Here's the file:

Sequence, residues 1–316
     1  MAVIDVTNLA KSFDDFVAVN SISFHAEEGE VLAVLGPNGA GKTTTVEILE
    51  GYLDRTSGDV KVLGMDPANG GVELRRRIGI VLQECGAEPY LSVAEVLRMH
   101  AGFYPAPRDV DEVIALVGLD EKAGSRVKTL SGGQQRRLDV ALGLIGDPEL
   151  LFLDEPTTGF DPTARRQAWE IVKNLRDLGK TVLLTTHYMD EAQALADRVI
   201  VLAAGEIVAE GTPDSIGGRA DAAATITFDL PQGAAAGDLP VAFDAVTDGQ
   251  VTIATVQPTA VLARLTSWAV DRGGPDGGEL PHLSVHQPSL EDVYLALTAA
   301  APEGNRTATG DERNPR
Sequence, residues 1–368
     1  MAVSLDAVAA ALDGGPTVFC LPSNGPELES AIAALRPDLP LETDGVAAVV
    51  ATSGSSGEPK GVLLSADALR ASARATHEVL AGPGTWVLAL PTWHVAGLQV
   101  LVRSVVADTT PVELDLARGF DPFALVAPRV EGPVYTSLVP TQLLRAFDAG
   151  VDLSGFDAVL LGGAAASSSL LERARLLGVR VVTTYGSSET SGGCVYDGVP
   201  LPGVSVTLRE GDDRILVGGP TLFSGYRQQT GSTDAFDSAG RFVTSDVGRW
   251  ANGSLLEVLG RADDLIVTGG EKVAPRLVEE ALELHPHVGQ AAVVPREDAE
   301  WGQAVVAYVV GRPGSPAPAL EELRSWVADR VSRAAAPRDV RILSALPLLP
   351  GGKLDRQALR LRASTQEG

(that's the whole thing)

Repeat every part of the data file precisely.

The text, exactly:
Sequence, residues 1–316
     1  MAVIDVTNLA KSFDDFVAVN SISFHAEEGE VLAVLGPNGA GKTTTVEILE
    51  GYLDRTSGDV KVLGMDPANG GVELRRRIGI VLQECGAEPY LSVAEVLRMH
   101  AGFYPAPRDV DEVIALVGLD EKAGSRVKTL SGGQQRRLDV ALGLIGDPEL
   151  LFLDEPTTGF DPTARRQAWE IVKNLRDLGK TVLLTTHYMD EAQALADRVI
   201  VLAAGEIVAE GTPDSIGGRA DAAATITFDL PQGAAAGDLP VAFDAVTDGQ
   251  VTIATVQPTA VLARLTSWAV DRGGPDGGEL PHLSVHQPSL EDVYLALTAA
   301  APEGNRTATG DERNPR
Sequence, residues 1–368
     1  MAVSLDAVAA ALDGGPTVFC LPSNGPELES AIAALRPDLP LETDGVAAVV
    51  ATSGSSGEPK GVLLSADALR ASARATHEVL AGPGTWVLAL PTWHVAGLQV
   101  LVRSVVADTT PVELDLARGF DPFALVAPRV EGPVYTSLVP TQLLRAFDAG
   151  VDLSGFDAVL LGGAAASSSL LERARLLGVR VVTTYGSSET SGGCVYDGVP
   201  LPGVSVTLRE GDDRILVGGP TLFSGYRQQT GSTDAFDSAG RFVTSDVGRW
   251  ANGSLLEVLG RADDLIVTGG EKVAPRLVEE ALELHPHVGQ AAVVPREDAE
   301  WGQAVVAYVV GRPGSPAPAL EELRSWVADR VSRAAAPRDV RILSALPLLP
   351  GGKLDRQALR LRASTQEG